A recent Q&A discussed the hazards of holiday travel: Holiday Travel Hazards? Check out the article and let us know how you plan to travel for the holidays!
Dr. Weil discusses the skewed perspective of happiness and what it means to truly be happy. Society says you must have the biggest house or the newest technology, but in fact it is more important to be content with what you have and you will feel satisfaction.
Vibration machines are heavily promoted as a way to strengthen bones, but they didn’t provide this benefit for a group of postmenopausal women who signed on for a yearlong study of the machines’ effectiveness. Researchers at Toronto General Hospital recruited 202 women whose bone mass was low but not bad enough to require treatment with prescription drugs. The women were randomly divided into three groups; two groups were assigned to stand on a whole body vibration platform that moved at one of two speeds for 20 minutes a day. The third group served as controls. All the women were given calcium and vitamin D to see if the supplements plus the vibration reduced the rate of bone loss. Their bone density was measured when the study began and when it ended. The end result of all that shaking? There was no statistically significant difference in rate of bone loss over the year among the women in the vibration groups compared to the controls. The study was published in the November 15 issue of the Annals of Internal Medicine.
Thanks to a grant from the Adolph Coors Foundation, AzCIM will study the impact of integrative primary care delivered at a new clinic slated to open in Phoenix in 2012.
Too much TV and not enough exercise appear to add up to depression for older women. A new investigation from the Harvard School of Public Health that included data on nearly 50,000 women who participated in the long-running Nurses’ Health Study, found that the women who reported exercising most (90 minutes or more daily) were 20 percent less likely to be diagnosed as depressed than those who exercised least (less than 10 minutes per day). Another apparent risk for depression was the time the women spent watching television: the more hours per week in front of the screen, the higher the risk of depression. The Harvard researchers found that women who reported watching TV for three or more hours a day were 13 percent more likely to be diagnosed with depression than the women who rarely turned on the tube. To arrive at their numbers, the researchers adjusted the data for other factors linked to depression such as weight, smoking and illnesses. Earlier studies have clearly shown that regular exercise is linked to a lower risk of depression. The study was published in the November 1 issue of the American Journal of Epidemiology.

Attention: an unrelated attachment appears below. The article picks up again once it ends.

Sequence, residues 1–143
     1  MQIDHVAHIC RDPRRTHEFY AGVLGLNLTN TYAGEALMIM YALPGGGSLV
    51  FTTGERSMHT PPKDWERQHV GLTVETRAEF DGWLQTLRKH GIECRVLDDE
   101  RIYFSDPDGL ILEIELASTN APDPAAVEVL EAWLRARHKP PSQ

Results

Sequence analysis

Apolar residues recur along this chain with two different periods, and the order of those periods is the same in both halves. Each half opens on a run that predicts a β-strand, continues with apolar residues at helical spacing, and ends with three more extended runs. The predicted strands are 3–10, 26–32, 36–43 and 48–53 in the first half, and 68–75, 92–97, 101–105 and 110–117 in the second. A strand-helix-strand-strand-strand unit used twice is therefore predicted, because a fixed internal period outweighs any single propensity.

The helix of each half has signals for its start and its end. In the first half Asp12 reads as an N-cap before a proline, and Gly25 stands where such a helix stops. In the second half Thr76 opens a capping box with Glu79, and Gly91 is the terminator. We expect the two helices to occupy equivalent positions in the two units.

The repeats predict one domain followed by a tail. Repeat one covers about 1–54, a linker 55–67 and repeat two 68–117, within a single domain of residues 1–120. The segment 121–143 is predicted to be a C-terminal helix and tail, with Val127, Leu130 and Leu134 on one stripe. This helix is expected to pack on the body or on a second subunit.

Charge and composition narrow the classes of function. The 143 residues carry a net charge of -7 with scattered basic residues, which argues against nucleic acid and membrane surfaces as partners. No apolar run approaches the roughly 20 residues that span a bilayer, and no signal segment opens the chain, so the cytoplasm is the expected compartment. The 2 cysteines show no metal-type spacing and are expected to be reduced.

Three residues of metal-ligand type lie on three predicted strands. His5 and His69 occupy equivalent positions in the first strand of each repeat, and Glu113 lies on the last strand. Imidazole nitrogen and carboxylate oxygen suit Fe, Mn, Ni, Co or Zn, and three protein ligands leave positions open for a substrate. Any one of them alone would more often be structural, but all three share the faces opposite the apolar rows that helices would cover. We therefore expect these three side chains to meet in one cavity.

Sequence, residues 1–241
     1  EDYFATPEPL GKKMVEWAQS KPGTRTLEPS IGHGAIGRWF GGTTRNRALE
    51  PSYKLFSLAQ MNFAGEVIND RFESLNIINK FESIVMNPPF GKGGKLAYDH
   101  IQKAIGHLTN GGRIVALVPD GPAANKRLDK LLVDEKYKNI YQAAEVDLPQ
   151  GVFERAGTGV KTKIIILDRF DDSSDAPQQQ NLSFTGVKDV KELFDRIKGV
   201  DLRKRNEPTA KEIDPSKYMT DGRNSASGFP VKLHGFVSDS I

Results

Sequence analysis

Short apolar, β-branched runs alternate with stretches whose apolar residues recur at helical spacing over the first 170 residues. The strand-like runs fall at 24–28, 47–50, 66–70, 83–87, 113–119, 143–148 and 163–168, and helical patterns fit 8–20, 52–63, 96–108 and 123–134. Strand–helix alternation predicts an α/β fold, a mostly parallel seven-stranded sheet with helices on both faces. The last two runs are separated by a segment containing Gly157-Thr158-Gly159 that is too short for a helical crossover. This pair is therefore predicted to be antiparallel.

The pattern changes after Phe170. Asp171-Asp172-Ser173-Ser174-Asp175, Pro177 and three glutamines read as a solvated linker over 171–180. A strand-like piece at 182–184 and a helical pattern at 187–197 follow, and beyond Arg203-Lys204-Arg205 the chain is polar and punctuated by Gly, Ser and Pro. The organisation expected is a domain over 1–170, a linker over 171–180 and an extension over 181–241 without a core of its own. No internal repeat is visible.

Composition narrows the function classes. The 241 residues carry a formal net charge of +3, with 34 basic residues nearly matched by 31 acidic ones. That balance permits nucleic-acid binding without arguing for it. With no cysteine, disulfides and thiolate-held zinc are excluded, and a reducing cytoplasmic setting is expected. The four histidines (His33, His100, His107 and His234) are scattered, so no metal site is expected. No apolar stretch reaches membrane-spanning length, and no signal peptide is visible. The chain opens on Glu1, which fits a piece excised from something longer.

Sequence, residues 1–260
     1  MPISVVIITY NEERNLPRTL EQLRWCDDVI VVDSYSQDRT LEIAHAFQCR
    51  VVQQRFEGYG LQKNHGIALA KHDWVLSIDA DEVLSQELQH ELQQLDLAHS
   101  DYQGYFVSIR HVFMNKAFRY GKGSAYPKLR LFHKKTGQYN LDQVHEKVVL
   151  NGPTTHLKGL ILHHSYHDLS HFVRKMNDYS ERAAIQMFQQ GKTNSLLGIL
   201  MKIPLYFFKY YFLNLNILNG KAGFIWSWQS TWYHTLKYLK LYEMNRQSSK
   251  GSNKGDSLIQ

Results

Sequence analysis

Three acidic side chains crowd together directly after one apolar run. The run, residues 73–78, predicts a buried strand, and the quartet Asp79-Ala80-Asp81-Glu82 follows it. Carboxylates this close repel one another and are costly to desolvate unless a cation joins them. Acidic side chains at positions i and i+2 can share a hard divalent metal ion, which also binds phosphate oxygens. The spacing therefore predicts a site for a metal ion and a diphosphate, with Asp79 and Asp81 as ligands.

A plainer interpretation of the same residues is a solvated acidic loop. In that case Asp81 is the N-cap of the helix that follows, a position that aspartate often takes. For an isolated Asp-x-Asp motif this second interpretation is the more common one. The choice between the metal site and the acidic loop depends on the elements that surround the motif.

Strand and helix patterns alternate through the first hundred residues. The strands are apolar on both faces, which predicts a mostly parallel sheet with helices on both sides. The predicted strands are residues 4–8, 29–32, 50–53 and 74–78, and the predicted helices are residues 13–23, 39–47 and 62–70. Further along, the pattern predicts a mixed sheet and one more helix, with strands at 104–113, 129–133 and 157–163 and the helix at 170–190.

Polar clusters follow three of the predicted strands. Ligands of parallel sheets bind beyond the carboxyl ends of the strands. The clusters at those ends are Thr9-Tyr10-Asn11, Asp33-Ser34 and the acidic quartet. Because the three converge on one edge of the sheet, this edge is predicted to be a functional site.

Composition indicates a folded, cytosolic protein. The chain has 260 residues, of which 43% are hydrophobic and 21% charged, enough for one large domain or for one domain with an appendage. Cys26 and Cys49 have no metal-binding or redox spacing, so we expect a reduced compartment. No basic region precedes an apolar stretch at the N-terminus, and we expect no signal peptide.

A recent Q&A discussed sleep debt and how it affects your health: The Perils of Sleep Debt? Check out the article and then let us know what you use to wake up in the morning!
Giving up sweetened sodas might be a simple and inexpensive way to lower women’s risk of heart disease. Results of a study presented at the annual scientific meeting of the American Heart Association (AHA) showed that midlife women who consumed two or more sweet drinks per day were nearly four times as likely to have high triglycerides (the chemical form in which fat moves through the bloodstream) as were women who drank less than one sugar-sweetened beverage daily. Soda drinkers were also more likely to have the impaired blood sugar levels that signal prediabetes. Weight played no role here - the study found that the risks applied whether or not women were overweight. (These effects didn’t show up among men being studied, the researchers reported.)
Taking good care of your teeth is another heart-healthy practice. A study conducted in Taiwan presented at the AHA meeting found that people who had their teeth cleaned and scraped in the dentist’s office at least once a year had a risk of heart attack that was 24 percent lower (and a 13 percent lower risk of stroke) than those who didn’t practice such good dental hygiene.
My take? The findings about drinking sweetened sodas aren’t surprising. Earlier research has shown that subjects drinking at least one soft drink daily (diet or regular) had a rate of metabolic syndrome (a combination of conditions that increase the risk of heart disease) that was 48 percent higher than study participants who hadn’t reported drinking sodas. As far as dental care is concerned, we’ve known for several years that if the bacteria that cause gum disease aren’t properly addressed, they can contribute to an inflammatory process that promotes a gradual thickening of artery walls throughout the body. These inflammatory changes can lead to heart attacks and strokes.
Genetic modification is more prevalent than ever and its long-term effects are not yet know. Dr. Andrew Weil describes what GMO foods are and how they are created and their possible side-effects.